Safe system framework for children at risk of deterioration

This framework aims to improve recognising and responding to children at risk of deterioration. A safer system can work in partnership with families and patients, develop a patient safety culture and support ongoing learning.
Status
Last modified
28 April 2018

Introduction

RCPCH and NHS Improvement developed this framework with clinicians and experts. It provides a ‘state of the nation view’ that drives action and local services for infants, children and young people.

Four groups

  1. Infants, children and young people, and their families
  2. Clinicians and the wider team - including doctors, nurses, pathologists, pharmacists, radiologists
  3. Local organisations and service providers
  4. National organisations with leadership roles - such as NHS Improvement, NHS England, RCPCH and Royal College of Nursing

Six core elements

  1. Patient safety culture - A large and challenging element covering many aspects that all groups are now trying to define and develop, including a commitment to overall improvement in patient safety, prioritising safety, leadership and executive accountability, and monitoring and measuring patient safety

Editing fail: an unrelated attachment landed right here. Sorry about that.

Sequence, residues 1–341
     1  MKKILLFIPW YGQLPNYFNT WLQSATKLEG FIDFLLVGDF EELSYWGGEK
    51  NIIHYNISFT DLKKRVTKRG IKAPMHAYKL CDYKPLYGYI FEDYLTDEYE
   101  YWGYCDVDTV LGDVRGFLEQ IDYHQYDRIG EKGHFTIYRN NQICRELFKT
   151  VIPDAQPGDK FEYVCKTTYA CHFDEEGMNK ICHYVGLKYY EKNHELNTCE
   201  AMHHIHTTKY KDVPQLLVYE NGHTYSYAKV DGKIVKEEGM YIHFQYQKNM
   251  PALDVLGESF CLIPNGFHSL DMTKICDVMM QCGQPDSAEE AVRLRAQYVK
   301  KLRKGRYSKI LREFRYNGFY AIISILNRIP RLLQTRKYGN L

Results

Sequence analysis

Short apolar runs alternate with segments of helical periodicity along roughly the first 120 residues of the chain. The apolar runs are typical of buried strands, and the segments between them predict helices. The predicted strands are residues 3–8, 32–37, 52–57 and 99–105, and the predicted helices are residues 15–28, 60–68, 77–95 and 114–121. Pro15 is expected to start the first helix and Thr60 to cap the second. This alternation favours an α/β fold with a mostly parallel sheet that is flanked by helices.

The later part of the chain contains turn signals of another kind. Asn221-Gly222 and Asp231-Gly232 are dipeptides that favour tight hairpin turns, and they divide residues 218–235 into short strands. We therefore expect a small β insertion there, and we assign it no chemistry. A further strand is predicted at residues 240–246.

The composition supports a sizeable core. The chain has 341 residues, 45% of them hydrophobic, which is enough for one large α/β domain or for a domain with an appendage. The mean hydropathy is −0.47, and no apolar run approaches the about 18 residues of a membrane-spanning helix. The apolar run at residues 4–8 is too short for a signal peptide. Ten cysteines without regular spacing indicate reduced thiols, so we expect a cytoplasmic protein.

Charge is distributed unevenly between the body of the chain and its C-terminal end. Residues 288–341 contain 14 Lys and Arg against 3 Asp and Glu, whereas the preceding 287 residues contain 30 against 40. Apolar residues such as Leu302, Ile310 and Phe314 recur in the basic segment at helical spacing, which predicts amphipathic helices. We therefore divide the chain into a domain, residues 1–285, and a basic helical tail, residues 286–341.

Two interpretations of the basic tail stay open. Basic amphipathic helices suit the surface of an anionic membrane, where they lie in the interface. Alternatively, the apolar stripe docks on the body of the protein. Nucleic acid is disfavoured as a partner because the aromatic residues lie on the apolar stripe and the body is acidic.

2. Partnerships with patients and families - While all of the core elements focus on the patient and family, this partnership is an area of increased growth and central to supporting all the others
  3. Recognising deterioration - The ability to spot physiological deviations before significant changes in care are needed or harm occurs is a fundamental working element which is central to the system
  4. Responding to deterioration - Ensuring a timely and accurate response encompassing all necessary support and treatment from all those involved in the care of the patient is the vital element that is often the key change required
  5. Open and consistent learning - Consideration of the system errors and individual responsibility, recording, investigating and evaluating incidents as well as best practice in order to learn and effect change will drive forward continual improvements in all elements